Self-Fashioning: Finding Success in Failure

Self-fashioning is the belief that an individual as the capacity to completely transform themselves in order to achieve a goal. Self-fashioning is a common theme found throughout many works of American literature. It is the method to which countless an individuals mold themselves into perfect beings, fit to achieve whatever goals they desire. The concept of self-fashioning is often criticized for being unrealistic and having few examples of success. However, three works of literature that convey self-fashioning protagonists have helped to keep the idea of self-fashioning at the heart of American culture since the nation’s founding. Those examples are The Autobiography of Benjamin Franklin, Ragged Dick, Or Street Life in New York with the Boot Blacks by Horatio Alger, and The Great Gatsby by F. Scott Fitzgerald. None of the protagonist in those works achieve their ultimate goal, but they do greatly change their lives while striving for those goals.


 Benjamin Franklin’s autobiography was published in 1791. Benjamin Franklin is considered to be one of the greatest examples of self-fashioning. His autobiography describes is diligent work ethic and how it helped him to achieve his goals. He also articulates his course of action towards what he calls “moral perfection” (Franklin 300). In order to achieve this good, Franklin attempts to mold himself into the embodiment of his thirteen virtues. By setting thirteen virtues, Franklin creates the mold in which to shape himself in. For example, his first virtue states, “Temperance. Eat not to Dullness. Drink not to Elevation” (Franklin 301). In order to achieve this, Franklin tracks his diet over the course of a month and attempts to rule out his gluttony.  He goes on to make attempts for all thirteen of his virtues. Franklin fails to achieve moral perfection but utilizes his more productive state to create many innovations such as bifocals and the modern library.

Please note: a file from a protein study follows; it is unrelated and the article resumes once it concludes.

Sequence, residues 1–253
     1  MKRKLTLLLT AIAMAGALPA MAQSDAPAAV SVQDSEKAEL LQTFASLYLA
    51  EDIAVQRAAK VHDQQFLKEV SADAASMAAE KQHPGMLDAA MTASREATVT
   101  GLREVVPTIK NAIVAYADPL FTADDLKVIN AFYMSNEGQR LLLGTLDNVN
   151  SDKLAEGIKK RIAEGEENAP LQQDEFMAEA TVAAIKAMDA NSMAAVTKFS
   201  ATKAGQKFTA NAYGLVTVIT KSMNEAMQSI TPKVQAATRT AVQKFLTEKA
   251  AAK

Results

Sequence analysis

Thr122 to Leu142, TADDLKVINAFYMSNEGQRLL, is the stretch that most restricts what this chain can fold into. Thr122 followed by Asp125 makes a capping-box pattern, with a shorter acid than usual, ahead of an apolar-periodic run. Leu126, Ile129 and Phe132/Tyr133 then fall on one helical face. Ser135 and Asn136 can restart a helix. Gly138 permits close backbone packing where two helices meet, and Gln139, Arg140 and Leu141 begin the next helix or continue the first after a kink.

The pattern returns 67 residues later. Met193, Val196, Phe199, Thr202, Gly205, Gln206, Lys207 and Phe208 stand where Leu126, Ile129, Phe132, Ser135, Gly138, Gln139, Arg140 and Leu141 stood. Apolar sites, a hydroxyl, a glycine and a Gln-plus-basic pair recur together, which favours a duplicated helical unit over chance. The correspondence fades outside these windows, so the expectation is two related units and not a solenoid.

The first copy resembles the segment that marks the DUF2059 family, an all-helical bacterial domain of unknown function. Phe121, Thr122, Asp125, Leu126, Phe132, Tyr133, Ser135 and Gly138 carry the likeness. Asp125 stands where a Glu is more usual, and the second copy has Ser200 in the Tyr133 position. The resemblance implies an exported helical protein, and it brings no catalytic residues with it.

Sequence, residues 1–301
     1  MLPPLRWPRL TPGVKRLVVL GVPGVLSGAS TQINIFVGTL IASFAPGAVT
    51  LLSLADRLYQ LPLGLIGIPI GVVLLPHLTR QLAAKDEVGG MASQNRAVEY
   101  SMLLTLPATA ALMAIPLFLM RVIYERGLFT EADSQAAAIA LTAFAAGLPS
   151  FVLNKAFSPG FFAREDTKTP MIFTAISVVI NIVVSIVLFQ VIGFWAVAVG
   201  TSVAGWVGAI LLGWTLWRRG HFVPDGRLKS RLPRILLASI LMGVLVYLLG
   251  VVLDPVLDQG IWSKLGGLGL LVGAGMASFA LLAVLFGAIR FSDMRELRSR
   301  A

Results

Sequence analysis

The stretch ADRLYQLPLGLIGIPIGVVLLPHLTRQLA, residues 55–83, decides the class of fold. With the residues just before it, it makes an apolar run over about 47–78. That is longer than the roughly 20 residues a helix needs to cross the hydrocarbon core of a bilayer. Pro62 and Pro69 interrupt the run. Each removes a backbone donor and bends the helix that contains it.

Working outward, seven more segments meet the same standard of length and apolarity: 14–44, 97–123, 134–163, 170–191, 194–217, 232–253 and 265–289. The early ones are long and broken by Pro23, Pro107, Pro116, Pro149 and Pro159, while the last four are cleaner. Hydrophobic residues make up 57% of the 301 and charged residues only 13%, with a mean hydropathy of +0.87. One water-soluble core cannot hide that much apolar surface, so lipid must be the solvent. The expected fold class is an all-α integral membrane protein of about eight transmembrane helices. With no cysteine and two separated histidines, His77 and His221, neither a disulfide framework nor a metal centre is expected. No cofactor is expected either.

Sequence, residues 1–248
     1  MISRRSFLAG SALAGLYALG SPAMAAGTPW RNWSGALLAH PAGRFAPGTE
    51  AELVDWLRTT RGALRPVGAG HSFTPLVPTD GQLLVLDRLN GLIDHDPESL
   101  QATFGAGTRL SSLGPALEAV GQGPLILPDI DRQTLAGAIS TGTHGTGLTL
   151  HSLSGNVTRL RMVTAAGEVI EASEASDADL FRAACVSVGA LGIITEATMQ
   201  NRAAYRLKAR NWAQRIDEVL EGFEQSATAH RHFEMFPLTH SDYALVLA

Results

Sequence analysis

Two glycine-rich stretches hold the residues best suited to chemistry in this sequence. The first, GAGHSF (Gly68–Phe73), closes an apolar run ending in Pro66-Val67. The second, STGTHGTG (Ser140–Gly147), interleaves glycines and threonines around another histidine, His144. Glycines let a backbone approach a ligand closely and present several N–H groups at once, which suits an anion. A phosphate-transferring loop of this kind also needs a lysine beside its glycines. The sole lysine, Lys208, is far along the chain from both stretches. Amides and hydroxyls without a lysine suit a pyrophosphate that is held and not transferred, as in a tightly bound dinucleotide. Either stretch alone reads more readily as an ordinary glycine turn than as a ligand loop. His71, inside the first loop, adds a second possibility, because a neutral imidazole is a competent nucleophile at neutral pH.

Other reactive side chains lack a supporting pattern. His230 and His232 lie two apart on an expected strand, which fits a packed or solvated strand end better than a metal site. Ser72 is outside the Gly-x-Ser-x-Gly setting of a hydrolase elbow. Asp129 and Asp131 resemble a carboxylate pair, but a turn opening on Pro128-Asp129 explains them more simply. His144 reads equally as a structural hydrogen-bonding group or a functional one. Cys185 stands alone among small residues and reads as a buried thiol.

Serialized in 1867 and published as a full length novel in 1868, Ragged Dick, Or Street Life in New York with the Boot Blacks tells the story of a young shoe-shine who pursues wealth through self-fashioning. Like Franklin, Ragged Dick also attempts to greatly change himself in order to achieve his goal of wealth. In order for Franklin to alter himself he created his own guide. However, Mr. Whitney presented Ragged Dick’s ideal template to him. Mr. Whitney informs Ragged Dick that a prerequisite to his success was acquiring “a taste for reading and study” which he pursued during his “leisure hours” in addition to working low-wage jobs (Alger 4). At the end of Alger’s story, Ragged Dick is not a wealthy man. However, he has opened a savings account and made great steps toward improving his work ethic.

            The Great Gatsby, published in 1925, conveys the life of James Gatz, a man who through self-fashioning transforms himself into the wealthy aristocrat, Jay Gatsby. Gatsby is ultimately a tragic figure that sacrifices everything in a failed attempt to relive his past love affair with Daisy. Although he fails to accomplish his goal his relentless pursuit of it is perhaps the most compelling example of self-fashioning. James Gatz was raised as a poor farm boy in the Mid-West. Through a regiment that he creates for himself, he is able to overcome his poverty and join the wealthy New York City aristocracy. His regiment included “ris[ing] from bed [at] 6. A.M.” and improving his mind and body through exercise and study (Fitzgerald 173). This was all done on top of working 9 hours each day. Gatsby’s regiment was similar to Franklin’s in that it was self-imposed. It also bared resemblance to Ragged Dick’s because it did not allow for any action that does not lead to self-improvement.  Gatsby ultimately fails to woo Daisy, but achieves great wealth in popularity while striving towards that goal.